Breaking the Spell: Religion as a Natural Phenomenon by Daniel C. Dennett
Averno by Louise Glück
You Must Set Forth at Dawn by Wole Soyinka
Afghanistan’s Uncertain Transition from Turmoil to Normalcy a report by Barnett R. Rubin
Kabul in Winter: Life without Peace in Afghanistan by Ann Jones
Three Cups of Tea: One Man’s Mission to Fight Terrorism and Build Nations…One School at a Time by Greg Mortenson and David Oliver Relin
Johnson on the English Language: The Yale Edition of the Works of Samuel Johnson, Volume XVIII edited by Gwin J. Kolb and Robert Demaria Jr.
Samuel Johnson’s Unpublished Revisions to the Dictionary of the English Language: A Facsimile Edition edited by Allen Reddick
Anniversary Essays on Johnson’s Dictionary edited by Jack Lynch and Anne McDermott
Samuel Johnson and the Art of Sinking, 1709–1791 by Freya Johnston
Loving Dr. Johnson by Helen Deutsch
Defining the World: The Extraordinary Story of Dr. Johnson’s Dictionary by Henry Hitchings
The Lives of the Poets by Samuel Johnson, edited by Roger Lonsdale
A Godly Hero: The Life of William Jennings Bryan by Michael Kazin
Anna of All the Russias: The Life of Anna Akhmatova by Elaine Feinstein
Atlantic History: Concept and Contours by Bernard Bailyn
The English Atlantic in an Age of Revolution, 1640–1661 by Carla Gardina Pestana
Cosmopolitanism: Ethics in a World of Strangers by Kwame Anthony Appiah
Identity and Violence: The Illusion of Destiny by Amartya Sen
Frontiers of Justice: Disability, Nationality, Species Membership by Martha C. Nussbaum
The Conquest of Nature: Water, Landscape, and the Making of Modern Germany by David Blackbourn
The Accidental Empire: Israel and the Birth of the Settlements, 1967–1977 by Gershom Gorenberg
Still Looking: Essays on American Art by John Updike
Charles Simic is a poet, essayist, and translator. He has published some twenty collections of poetry, six books of essays, a memoir, and numerous translations. He is the recipient of many awards, including the Pulitzer Prize, the Griffin Prize, and a MacArthur Fellowship. Simic’s recent works include Voice at 3 a.m., a selection of later and new poems; Master of Disguises, new poems; and Confessions of a Poet Laureate, a collection of short essays that was published by New York Review Books as an e-book original. In 2007 Simic was appointed the fifteenth Poet Laureate Consultant in Poetry to the Library of Congress. His New and Selected Poems: 1962–2012 was published in March 2013.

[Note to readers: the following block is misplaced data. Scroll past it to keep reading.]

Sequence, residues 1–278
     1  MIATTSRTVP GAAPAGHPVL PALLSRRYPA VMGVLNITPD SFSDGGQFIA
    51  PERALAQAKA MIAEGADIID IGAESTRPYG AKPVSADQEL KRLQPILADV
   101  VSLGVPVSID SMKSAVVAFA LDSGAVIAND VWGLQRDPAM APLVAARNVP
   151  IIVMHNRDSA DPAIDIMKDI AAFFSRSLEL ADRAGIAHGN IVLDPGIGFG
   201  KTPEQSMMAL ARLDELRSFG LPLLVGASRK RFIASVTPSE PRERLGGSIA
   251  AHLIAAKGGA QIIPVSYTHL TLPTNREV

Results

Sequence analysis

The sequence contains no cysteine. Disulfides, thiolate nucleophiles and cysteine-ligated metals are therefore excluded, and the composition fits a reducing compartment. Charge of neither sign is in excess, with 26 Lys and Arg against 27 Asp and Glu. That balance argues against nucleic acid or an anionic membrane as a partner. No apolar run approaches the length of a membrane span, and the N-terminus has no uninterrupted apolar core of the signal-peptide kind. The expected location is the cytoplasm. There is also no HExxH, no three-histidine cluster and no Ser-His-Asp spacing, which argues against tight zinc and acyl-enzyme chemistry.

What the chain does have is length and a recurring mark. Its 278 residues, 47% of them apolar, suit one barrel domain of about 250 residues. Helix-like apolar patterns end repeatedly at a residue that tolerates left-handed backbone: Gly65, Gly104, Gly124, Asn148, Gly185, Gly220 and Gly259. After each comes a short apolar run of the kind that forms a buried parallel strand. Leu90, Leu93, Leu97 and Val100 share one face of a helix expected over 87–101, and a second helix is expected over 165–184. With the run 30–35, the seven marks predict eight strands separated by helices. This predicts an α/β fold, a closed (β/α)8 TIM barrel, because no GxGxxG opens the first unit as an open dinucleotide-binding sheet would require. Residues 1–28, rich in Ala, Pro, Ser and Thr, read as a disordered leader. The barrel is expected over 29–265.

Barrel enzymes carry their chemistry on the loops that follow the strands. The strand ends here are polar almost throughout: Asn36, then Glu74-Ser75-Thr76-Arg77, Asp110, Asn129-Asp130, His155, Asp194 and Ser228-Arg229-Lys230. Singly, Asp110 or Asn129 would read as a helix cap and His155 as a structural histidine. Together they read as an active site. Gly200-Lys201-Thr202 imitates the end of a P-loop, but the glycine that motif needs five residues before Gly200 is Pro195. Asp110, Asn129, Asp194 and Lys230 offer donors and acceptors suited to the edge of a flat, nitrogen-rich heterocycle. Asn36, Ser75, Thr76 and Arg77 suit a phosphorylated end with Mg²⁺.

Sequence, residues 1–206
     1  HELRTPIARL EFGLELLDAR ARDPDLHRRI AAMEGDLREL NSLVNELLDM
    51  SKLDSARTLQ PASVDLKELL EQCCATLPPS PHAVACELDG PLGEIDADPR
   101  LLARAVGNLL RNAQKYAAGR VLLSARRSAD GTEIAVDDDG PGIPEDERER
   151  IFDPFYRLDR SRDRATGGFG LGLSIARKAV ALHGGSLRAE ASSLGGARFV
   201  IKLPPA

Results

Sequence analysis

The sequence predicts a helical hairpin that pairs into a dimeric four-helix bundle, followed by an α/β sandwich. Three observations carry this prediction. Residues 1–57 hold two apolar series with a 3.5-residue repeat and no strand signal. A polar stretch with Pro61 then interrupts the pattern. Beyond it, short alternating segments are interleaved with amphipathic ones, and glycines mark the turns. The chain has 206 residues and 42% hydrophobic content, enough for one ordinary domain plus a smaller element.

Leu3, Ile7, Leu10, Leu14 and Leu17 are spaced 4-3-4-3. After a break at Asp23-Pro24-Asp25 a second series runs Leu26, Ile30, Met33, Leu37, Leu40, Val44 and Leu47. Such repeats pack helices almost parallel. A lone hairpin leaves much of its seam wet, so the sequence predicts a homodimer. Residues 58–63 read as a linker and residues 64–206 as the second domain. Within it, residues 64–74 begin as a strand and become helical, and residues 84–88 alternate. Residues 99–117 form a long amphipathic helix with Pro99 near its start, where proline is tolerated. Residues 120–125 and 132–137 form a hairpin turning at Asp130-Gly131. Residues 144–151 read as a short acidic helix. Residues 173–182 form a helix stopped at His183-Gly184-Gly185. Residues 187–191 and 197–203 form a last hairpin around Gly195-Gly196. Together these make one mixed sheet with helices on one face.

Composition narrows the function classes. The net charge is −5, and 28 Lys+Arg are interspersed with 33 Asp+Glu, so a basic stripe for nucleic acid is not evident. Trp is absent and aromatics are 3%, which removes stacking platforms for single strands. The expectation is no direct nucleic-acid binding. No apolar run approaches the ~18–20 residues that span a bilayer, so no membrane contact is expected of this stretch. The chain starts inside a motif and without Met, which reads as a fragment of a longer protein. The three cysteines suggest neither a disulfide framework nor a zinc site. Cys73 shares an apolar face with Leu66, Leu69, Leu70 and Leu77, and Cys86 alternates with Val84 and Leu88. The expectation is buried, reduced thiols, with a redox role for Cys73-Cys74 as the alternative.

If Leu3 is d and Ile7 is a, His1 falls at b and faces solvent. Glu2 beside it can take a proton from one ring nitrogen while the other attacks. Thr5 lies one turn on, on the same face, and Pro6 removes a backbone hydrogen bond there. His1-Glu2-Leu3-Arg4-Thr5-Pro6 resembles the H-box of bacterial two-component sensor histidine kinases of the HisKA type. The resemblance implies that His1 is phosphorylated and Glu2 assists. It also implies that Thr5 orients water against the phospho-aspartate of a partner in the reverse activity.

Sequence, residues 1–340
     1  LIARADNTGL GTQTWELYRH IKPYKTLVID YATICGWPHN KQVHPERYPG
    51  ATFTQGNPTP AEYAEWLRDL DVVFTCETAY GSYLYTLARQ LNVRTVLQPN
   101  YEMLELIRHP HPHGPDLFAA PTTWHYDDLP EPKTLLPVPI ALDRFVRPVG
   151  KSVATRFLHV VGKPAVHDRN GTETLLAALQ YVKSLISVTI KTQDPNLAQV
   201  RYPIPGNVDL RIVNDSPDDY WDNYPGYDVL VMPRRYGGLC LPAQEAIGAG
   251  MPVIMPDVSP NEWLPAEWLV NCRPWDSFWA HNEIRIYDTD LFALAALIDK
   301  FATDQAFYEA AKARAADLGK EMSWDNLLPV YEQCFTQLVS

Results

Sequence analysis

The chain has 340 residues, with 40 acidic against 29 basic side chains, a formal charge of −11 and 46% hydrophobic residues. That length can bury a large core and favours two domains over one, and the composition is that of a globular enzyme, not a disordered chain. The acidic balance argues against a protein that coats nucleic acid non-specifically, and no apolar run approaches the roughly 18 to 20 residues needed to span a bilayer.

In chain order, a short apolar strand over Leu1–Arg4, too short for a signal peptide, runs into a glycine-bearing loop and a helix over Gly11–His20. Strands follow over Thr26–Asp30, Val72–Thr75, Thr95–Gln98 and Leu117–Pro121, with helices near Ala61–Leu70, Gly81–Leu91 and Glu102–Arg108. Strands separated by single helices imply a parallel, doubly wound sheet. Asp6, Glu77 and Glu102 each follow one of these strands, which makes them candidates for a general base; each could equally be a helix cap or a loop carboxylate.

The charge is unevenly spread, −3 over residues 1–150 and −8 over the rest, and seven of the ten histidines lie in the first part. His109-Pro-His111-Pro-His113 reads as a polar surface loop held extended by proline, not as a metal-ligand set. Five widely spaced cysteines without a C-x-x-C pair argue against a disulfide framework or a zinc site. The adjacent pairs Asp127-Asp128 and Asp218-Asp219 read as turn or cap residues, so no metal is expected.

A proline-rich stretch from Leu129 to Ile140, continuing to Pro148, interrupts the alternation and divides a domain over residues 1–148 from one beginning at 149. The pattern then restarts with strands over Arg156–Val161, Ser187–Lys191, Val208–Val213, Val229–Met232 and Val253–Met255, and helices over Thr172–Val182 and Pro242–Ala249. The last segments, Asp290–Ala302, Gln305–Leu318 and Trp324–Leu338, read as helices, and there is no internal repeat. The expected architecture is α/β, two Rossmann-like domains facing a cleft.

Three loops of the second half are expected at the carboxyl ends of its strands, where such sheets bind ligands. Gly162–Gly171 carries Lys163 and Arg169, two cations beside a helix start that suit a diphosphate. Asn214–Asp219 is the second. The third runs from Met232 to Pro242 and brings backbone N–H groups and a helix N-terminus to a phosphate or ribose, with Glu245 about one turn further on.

Frank Kermode (1919–2010) was a British critic and literary theorist. Born on the Isle of Man, he taught at University College London, Cambridge, Columbia and Harvard. Adapted from a series of lectures given at Bryn Mawr College, Kermode’s Sense of An Ending: Studies in the Theory of Fiction remains one of the most influential works of twentieth-century literary criticism.
Ronald Steel is Professor of International Relations at the University of Southern California, a recent fellow at the American Academy in Berlin, and the author of biographies of Walter Lippmann and Robert Kennedy.
Orlando Figes is Professor of History at Birkbeck College, University of London. He is the author, among other books, of The Whisperers: Private Life in Stalin’s Russia, A People’s Tragedy: The Russian Revolution: 1891–1924, and Natasha’s Dance: A Cultural History of Russia. His latest book is The Crimean War: A History. (January 2012)
William H. McNeill is Professor Emeritus of History at the University of Chicago. His most recent books are The Pursuit of Truth: A Historian’s Memoir and Summers Long Ago: On Grandfather’s Farm and in Grandmother’s Kitchen, published by the Berkshire Publishing Group. His most recent publication, as editor, is the second edition of the Encyclopedia of World History.
Ahdaf Soueif is a novelist and a writer on political and cultural affairs. Her latest novel, The Map of Love, was shortlisted for the Booker Prize in 1999. She was born in Egypt and lives in Cairo and London.
Freeman Dyson has spent most of his life as a professor of physics at the Institute for Advanced Study in Princeton, taking time off to advise the US government and write books for the general public. He was born in England and worked as a civilian scientist for the Royal Air Force during World War II. He came to Cornell University as a graduate student in 1947 and worked with Hans Bethe and Richard Feynman, producing a user-friendly way to calculate the behavior of atoms and radiation. He also worked on nuclear reactors, solid-state physics, ferromagnetism, astrophysics, and biology, looking for problems where elegant mathematics could be usefully applied.
Dyson’s books include Disturbing the Universe (1979), Weapons and Hope (1984), Infinite in All Directions (1988), Origins of Life (1986, second edition 1999), The Sun, the Genome and the Internet (1999), and A Many-Colored Glass: Reflections on the Place of Life in the Universe (2010). He is a fellow of the American Physical Society, a member of the National Academy of Sciences, and a fellow of the Royal Society of London. In 2000 he was awarded the Templeton Prize for Progress in Religion.
Neal Ascherson is the author of The Struggles for Poland, The Black Sea, and Stone Voices: The Search for Scotland. He is an Honorary Professor at the Institute of Archaeology, University College London.